US, Mexico diplomats meet to discuss drugs, crime, migration

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Top US and Mexican diplomats and other officials met in Washington for security talks that focused on drugs, crime and irregular migration.

Called the “US-Mexico High-Level Security Dialogue,” the talks are taking place for a second time under a framework that was adopted a year ago.


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A major focus was the production and distribution of fentanyl.

“We are working to disrupt both the supply and the demand of fentanyl,” said US Attorney General Merrick Garland.

“Just last month, the DEA concluded a four-month operation that resulted in the removal of 36 million lethal doses of fentanyl from American communities in Mexico.”

Earlier this year, the Biden administration released its national drug strategy, which focuses on addiction and drug trafficking. In June, Congress passed gun safety legislation which made firearms trafficking a federal offense for the first time.

“We have deepened our law enforcement cooperation, we’ve deepened our information sharing, and we are working together more effectively, both to deal with drug interdictions, but also to deal effectively with arms trafficking,” said US Secretary of State Antony Blinken.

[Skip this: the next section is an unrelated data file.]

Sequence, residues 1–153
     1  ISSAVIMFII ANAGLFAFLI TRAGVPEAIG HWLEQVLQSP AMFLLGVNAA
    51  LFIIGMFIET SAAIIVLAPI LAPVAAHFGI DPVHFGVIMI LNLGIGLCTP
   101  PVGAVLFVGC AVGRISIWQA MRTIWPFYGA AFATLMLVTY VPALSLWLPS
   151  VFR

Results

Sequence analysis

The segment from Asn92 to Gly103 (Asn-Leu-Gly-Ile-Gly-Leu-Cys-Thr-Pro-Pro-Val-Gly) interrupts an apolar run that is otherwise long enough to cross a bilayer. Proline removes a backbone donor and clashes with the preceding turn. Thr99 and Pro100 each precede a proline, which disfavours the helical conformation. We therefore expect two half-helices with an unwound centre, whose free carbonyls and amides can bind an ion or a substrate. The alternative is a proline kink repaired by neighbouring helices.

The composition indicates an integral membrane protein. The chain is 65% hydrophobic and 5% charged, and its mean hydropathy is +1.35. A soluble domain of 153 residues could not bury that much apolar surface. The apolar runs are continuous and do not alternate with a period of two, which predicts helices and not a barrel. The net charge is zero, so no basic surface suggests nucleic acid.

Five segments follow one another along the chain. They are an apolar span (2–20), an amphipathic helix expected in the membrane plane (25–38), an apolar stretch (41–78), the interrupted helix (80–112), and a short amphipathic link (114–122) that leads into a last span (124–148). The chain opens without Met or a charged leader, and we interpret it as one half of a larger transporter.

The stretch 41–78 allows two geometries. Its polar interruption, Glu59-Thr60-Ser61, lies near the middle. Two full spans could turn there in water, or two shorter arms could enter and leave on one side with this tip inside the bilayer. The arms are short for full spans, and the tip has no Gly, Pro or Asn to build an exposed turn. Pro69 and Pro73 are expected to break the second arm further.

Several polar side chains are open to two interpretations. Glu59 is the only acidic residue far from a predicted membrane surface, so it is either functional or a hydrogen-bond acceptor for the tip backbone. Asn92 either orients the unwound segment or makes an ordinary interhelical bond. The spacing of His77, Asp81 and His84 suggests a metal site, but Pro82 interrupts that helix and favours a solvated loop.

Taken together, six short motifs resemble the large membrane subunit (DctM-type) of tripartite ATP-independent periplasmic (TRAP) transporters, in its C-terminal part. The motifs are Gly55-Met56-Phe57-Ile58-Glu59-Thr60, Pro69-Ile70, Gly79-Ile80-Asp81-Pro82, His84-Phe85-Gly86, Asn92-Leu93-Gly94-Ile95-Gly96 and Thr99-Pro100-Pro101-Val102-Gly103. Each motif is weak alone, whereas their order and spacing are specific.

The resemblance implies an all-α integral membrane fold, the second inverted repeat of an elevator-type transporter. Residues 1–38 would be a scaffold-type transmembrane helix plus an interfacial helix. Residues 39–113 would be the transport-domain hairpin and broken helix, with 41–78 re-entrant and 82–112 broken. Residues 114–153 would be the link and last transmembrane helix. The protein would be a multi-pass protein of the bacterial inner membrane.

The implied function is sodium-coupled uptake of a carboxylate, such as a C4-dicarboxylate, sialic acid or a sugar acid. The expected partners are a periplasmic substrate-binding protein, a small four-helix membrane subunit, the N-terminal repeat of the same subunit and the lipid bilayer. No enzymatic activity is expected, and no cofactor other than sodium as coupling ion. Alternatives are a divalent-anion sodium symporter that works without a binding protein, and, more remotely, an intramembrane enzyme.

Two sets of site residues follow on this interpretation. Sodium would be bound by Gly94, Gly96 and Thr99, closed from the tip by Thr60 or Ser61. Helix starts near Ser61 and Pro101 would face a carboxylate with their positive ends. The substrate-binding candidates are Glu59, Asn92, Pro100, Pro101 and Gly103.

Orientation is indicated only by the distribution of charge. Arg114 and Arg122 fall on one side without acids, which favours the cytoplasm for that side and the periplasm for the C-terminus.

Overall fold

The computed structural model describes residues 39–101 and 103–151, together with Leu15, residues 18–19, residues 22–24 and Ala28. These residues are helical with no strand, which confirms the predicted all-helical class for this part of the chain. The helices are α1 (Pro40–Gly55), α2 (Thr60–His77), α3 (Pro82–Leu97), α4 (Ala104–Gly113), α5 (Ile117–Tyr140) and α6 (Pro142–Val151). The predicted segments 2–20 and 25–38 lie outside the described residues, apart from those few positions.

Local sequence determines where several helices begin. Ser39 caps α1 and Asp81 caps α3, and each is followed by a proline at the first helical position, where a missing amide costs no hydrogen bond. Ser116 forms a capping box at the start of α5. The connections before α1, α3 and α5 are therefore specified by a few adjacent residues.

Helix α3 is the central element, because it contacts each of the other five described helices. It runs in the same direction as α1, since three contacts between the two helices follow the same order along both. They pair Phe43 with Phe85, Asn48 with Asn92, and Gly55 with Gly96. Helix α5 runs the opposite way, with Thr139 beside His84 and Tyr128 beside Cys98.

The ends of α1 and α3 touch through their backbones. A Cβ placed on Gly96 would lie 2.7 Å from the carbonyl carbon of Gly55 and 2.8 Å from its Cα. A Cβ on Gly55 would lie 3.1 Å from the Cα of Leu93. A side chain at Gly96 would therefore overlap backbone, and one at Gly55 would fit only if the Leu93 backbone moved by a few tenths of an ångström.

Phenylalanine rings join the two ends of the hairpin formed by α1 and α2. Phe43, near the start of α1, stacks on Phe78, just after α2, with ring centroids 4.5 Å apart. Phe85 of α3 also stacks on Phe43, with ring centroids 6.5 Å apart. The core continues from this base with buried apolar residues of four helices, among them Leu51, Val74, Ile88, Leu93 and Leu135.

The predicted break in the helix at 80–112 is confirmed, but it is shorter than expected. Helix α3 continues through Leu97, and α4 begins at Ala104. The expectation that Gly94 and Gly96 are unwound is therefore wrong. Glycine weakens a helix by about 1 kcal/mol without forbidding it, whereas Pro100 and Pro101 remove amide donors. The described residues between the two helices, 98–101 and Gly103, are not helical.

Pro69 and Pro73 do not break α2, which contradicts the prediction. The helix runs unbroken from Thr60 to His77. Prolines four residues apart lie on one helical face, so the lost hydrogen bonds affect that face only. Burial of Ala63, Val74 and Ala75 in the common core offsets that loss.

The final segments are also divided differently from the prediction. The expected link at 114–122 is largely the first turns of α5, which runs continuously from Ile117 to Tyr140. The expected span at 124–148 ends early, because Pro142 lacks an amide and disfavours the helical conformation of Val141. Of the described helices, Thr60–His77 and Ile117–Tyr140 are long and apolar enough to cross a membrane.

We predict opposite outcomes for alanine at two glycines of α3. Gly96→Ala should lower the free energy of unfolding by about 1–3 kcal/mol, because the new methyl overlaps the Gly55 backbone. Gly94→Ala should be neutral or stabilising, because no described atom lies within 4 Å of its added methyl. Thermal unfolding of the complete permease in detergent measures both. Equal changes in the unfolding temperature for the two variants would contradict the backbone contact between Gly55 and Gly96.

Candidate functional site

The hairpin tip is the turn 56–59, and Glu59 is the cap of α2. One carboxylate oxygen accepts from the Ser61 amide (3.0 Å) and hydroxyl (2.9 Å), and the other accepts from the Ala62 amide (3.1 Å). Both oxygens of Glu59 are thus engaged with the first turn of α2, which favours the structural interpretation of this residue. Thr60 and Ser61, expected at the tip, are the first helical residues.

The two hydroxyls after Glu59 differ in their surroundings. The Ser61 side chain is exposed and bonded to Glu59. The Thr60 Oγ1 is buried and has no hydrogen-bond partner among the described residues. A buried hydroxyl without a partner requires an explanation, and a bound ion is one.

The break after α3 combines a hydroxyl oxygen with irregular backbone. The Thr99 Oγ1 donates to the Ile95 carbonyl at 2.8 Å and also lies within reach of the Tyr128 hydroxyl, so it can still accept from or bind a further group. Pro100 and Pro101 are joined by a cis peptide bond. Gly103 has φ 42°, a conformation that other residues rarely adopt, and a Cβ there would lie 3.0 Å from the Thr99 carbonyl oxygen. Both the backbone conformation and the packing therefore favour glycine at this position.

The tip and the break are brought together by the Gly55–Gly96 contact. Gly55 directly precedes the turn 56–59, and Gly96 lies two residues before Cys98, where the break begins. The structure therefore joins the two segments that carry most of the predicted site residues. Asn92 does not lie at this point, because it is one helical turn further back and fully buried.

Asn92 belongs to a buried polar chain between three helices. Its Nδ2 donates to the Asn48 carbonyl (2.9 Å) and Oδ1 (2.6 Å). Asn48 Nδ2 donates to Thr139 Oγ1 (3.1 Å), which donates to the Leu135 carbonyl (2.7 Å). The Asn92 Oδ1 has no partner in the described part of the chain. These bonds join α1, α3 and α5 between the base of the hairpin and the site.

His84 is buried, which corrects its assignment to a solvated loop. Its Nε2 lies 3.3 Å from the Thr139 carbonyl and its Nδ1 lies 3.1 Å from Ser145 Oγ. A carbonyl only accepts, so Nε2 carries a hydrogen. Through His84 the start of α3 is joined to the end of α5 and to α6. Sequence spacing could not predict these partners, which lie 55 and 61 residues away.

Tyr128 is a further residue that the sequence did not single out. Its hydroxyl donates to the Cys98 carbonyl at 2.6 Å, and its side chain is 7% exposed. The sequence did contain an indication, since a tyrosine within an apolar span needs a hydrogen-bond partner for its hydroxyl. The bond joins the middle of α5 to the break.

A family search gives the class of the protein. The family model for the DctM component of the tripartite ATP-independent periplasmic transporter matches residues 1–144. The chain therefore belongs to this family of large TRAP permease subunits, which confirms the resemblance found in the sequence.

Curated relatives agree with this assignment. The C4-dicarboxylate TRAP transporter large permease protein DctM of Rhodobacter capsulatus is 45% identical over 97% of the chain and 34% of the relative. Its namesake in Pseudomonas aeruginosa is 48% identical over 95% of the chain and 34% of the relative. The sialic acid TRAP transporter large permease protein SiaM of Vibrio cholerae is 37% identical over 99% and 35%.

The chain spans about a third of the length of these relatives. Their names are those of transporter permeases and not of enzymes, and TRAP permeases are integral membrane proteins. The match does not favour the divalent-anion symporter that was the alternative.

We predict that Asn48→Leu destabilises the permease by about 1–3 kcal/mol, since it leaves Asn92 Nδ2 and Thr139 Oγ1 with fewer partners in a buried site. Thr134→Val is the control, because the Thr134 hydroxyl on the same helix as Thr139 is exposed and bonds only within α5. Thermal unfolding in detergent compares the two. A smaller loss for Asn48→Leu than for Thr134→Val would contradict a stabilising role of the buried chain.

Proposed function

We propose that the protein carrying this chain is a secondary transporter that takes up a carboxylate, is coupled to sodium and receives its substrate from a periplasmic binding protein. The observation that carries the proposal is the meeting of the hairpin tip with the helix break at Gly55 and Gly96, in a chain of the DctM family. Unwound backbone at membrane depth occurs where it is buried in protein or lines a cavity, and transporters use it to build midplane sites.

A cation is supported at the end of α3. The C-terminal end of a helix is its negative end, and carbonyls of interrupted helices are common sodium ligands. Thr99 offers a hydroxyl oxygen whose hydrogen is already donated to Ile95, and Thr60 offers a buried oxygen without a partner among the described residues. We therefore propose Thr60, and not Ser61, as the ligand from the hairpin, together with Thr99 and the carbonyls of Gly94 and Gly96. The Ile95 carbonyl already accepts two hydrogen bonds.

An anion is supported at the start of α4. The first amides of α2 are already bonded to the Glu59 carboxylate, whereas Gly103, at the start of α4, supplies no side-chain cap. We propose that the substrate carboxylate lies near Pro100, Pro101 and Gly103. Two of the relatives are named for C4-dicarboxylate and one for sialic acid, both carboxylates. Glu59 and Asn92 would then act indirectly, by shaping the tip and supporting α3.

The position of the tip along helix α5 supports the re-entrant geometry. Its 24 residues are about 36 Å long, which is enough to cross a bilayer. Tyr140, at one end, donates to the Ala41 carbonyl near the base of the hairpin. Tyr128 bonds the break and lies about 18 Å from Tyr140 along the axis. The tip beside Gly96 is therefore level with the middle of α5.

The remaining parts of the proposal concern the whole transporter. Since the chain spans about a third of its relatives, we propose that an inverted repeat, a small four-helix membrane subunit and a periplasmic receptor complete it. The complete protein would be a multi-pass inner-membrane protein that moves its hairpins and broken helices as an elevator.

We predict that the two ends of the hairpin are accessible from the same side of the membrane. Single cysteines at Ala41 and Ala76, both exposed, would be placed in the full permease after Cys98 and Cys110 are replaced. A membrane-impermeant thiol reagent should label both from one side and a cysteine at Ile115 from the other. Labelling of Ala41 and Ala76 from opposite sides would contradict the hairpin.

During the press conference, Mexican Foreign Minister Marcelo Ebrard held up two maps, one showing the localities in Mexico where firearms manufactured mainly in the US have been found, with the other map showing the US localities where the firearms that ended up in Mexico were sold.

“This is the weapons pandemic that we have in Mexico,” Ebrard said in Spanish. “If we reduce this, then violence in Mexico will continue to go down,” he said.

“We have worked to enhance cooperation and bilateral information sharing on illegal firearms investigations,” said Garland.

Blinken admits that fighting the cartels in Mexico is an uphill battle.

“I would disagree with the proposition that there have not been results,” Blinken said. “There have been, there are, but they’re also not sufficient,” he said.

“And that’s exactly what we recognized and talked about today. How do we intensify these efforts?”

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